Can you tell the difference between a successful self-published author and the one who doesn’t make it? It’s not about the literature. It’s more about character, persistence, and proper promotion. For those who don’t want to bother with publishers, self-publishing seems like the right solution. It’s cheap, easy, and everyone can do it. That’s the first mistake we’re making: underestimating the challenge.
Sooner or later, most self-published authors make mistakes. That’s not something to be ashamed of. If we recognize those mistakes and avoid them in future, we’ll only become stronger. As for the recognition, check out the most common mistakes that ruin a writer’s effort to self-publish a successful edition.
1. Failing to Estimate the Needs and Wants of the Audience
No, the audience isn’t ready to accept any self-published writer. You may try to publish your most intimate thoughts without being worried how the audience would accept them, but that approach doesn’t guarantee success as a writer.
Before you know your audience, you need to know yourself. What do you want to write about? Is apocalyptic romance your thing? Once you identify your genre, you’ll have to explore the reviews on the most popular and less popular books in that category. What flaws do people recognize? What do they want to read? The answers to those questions will lead you to a win-win solution: you’ll write what you and your audience want.
2. Failing to Write for All the Right Reasons
Why are you publishing this book? Is it because you feel a constant urge to write and you want to share those words with the audience? Is it because you want to know what the readers think, so you’ll use their feedback to become better at what you do? Those are good reasons for writing.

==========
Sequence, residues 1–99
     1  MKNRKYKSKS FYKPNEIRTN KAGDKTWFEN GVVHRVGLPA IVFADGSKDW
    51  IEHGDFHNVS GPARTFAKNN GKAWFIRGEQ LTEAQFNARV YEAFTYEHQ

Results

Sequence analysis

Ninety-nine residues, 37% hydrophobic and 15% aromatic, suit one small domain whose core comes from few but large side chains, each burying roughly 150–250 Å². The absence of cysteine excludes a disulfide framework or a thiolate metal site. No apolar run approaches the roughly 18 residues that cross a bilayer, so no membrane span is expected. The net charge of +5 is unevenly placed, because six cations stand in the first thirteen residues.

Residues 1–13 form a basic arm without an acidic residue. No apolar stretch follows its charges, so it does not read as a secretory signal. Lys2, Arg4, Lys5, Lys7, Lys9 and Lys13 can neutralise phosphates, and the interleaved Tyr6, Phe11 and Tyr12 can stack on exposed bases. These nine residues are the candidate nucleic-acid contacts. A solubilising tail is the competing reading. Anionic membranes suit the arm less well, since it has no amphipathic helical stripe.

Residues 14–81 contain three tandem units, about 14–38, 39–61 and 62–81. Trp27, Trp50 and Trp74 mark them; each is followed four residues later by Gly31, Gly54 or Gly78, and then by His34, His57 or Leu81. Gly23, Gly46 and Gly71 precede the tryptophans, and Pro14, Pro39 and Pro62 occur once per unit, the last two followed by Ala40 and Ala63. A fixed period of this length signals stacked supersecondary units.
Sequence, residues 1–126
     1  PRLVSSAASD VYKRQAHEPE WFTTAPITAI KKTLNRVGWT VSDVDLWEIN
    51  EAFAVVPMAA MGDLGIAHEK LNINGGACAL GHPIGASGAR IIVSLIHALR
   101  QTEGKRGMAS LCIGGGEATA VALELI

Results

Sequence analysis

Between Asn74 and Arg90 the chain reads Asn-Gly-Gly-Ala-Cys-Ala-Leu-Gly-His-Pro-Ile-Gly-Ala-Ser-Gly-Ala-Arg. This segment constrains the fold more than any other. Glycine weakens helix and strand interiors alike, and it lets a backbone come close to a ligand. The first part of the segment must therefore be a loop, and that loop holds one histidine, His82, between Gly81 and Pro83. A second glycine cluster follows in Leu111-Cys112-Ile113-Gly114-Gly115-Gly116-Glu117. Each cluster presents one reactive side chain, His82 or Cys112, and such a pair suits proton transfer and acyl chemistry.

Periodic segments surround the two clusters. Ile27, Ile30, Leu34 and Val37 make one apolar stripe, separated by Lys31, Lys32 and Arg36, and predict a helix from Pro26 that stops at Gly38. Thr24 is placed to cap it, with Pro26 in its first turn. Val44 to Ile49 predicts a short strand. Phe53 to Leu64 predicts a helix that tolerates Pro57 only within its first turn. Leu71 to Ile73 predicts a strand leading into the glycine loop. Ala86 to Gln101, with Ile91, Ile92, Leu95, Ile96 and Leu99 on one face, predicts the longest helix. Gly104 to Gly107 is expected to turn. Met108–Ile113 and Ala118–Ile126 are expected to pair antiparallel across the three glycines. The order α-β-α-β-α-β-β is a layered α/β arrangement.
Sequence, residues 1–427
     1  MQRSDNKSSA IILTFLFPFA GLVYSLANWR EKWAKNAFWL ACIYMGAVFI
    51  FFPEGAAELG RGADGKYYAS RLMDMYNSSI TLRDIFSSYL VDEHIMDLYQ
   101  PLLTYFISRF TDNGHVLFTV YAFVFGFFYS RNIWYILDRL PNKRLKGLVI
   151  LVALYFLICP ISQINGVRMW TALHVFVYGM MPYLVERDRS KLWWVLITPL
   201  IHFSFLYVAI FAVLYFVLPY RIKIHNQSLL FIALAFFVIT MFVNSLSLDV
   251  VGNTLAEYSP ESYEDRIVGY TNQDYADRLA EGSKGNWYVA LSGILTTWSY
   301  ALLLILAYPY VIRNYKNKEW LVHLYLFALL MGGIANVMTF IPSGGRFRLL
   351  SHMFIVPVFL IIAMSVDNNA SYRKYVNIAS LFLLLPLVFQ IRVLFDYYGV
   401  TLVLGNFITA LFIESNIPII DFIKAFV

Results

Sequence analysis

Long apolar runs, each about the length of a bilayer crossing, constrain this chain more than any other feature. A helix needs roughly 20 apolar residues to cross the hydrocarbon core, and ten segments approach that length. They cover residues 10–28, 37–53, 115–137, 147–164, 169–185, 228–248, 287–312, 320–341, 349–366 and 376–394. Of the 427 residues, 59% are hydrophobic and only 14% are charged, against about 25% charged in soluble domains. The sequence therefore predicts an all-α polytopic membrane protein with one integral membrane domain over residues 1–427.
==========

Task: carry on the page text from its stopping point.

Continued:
If, however, you’re writing just because you see self-publishing as a quick way to make money, you’re heading for a huge disappointment. We’ve all heard the stories of self-published authors making a lot of money. However, you shouldn’t forget that these people write for all the right reasons and deliver what the audience wants to read. The money comes as a side effect.
3. Not Hiring a Graphic Designer for a Nice-Looking Cover
Lousy covers seem to be a standard in the self-publishing industry. Kitschy women and tasteless colors. It seems like the writers are underestimating both their efforts and the taste of their readers. If you really want to earn the respect of the audience and attract people to buy your book, then you need to hire a professional graphic designer who’ll give you few options to consider.
Check out Amazon’s top-selling list of Indie books. Browse through it without reading the headlines and observe your reactions. Which covers get your attention? The ones that evoke professionalism and effort, right? That’s the effect you want to achieve with the appearance of your book.
4. Failing to Invest in Marketing
Many people understand self-publishing as a serial process of writing and publishing with nothing in between. They write books and worry about promotion later on, when they realize that they are not making any sales just by putting their work out there. If you want to become a successful author in this industry, you have to invest in proper marketing early in the process.
Do you have any followers on social media? How many? You need more; thousands! The easiest option is to hire a content marketer who will take care of the promotion for you. They will make sure to connect with the right audience on all social media and publish promotional content about your work and you as an author.
The other option is – DIY. However, you have to be aware that marketing is a serious process that demands some education.
- Start by investing in yourself. You can take an online course on content marketing and learn everything there is to learn about making the right steps when promoting your books. Then, the process can begin.